International Symposium

Byron’s Voices: Cultural and Textual Interactions

11 November 2017

Museum of Byzantine Culture of Thessaloniki  
Amphitheatre "Stefanos Dragoumis"


The School of English of Aristotle University, the Laboratory of Narrative Research at the School of English and the Hellenic Association for the Study of English (HASE) are organizing a day symposium on Lord Byron on Saturday 11 November 2017.

The complex interweaving of the literary, the personal, the historical and the political is a hallmark of the Byron phenomenon. Byron may best be understood or appreciated through his remarkable diversity, multiplicity of styles and poetic transitions which often develop in response to his geopolitical movements and allegiance to foreign cultures and traditions. His works therefore elicit a dynamic confluence of voices—narrative, intertextual, biographical, political, cultural—which both challenge and surprise the reader. The symposium aims to bring together a group of scholars who will offer their perspectives on the multiplicity and complexity of Byron’s voices and will address some of the following concerns: What is the broader literary, cultural and historical significance of these voices and how do we negotiate their interrelations? How do we read the repertoire of Byronic personae, the narrative positionings and social identities which cross the work and the life? How do the poet’s voices reverberate across the diverse cultures of reception that sustain the Byron phenomenon to this day? The symposium is also interested in addressing the contemporary relevance of Byron’s work, hoping to highlight neglected aspects of the energetic interaction between his life, his poetry and the wider world.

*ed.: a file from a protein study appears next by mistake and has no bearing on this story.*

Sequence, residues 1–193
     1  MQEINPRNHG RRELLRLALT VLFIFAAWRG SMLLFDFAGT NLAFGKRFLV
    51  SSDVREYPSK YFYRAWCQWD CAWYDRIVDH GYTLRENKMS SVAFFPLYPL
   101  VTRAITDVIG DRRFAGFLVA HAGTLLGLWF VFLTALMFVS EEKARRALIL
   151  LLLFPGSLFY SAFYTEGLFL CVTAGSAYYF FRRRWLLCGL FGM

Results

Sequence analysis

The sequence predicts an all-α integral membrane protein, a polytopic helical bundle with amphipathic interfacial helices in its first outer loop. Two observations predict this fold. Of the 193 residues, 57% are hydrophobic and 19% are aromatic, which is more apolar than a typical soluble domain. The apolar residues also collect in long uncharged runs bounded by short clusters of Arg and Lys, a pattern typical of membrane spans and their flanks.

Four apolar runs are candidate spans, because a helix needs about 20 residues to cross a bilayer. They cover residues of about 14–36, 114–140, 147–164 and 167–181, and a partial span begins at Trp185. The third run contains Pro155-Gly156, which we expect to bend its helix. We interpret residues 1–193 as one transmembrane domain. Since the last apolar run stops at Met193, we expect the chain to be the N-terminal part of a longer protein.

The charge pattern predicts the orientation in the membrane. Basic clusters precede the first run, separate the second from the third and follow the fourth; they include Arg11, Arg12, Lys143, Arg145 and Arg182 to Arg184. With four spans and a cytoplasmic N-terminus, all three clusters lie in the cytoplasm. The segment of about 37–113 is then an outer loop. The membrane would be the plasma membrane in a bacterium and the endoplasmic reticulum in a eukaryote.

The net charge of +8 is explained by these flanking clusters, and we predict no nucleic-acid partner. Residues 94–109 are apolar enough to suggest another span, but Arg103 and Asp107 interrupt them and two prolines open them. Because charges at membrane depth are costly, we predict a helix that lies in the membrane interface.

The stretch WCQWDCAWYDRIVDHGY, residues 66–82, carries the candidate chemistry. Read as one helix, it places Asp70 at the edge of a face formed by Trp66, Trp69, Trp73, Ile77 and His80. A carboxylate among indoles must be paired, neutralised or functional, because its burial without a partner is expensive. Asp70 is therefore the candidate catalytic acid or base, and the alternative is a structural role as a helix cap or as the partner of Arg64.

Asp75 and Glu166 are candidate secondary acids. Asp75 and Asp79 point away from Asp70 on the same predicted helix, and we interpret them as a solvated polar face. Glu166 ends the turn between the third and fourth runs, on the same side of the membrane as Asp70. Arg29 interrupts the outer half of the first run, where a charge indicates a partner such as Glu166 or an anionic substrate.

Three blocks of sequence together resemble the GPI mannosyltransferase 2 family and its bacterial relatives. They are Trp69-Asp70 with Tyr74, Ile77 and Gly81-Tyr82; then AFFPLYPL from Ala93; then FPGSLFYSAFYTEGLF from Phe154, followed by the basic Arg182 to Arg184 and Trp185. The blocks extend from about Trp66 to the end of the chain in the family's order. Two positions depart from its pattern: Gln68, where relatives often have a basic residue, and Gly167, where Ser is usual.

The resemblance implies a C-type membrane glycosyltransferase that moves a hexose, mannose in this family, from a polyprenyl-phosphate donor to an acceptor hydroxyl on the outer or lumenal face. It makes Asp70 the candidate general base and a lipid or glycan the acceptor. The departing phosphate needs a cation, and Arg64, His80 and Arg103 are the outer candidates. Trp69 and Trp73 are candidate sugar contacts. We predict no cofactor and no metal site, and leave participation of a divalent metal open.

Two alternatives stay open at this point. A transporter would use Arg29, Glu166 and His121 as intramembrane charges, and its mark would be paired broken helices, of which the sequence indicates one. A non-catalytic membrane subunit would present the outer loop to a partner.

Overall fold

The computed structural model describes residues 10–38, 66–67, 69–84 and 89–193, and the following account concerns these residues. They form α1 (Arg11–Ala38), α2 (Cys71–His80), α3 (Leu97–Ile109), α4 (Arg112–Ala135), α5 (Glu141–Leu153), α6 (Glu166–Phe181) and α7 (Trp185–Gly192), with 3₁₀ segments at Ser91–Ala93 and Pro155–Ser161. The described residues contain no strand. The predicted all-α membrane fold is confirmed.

1. Timothy Webb, University of Bristol
  2. Jane Stabler, St Andrews University
  3. Ekaterini Douka-Kabitoglou, Aristotle University of Thessaloniki
  4. Argyros I. Protopapas, National and Kapodistrian University of Athens / Greek Ministry of Education 
  5. Maria Schoina, Aristotle University of Thessaloniki 

The talks will be followed by a round-table discussion and a performance of Byron’s poetry and letters by students of the School of English of Aristotle University.

The organizers would like to acknowledge the financial support of the University’s Research Committee, the Hellenic Association for the Study of English (HASE), the School of English, and the valuable contribution of the Museum of Byzantine Culture (Thessaloniki). The event is also affiliated with Romantic Bicentennials.

Organizing Committee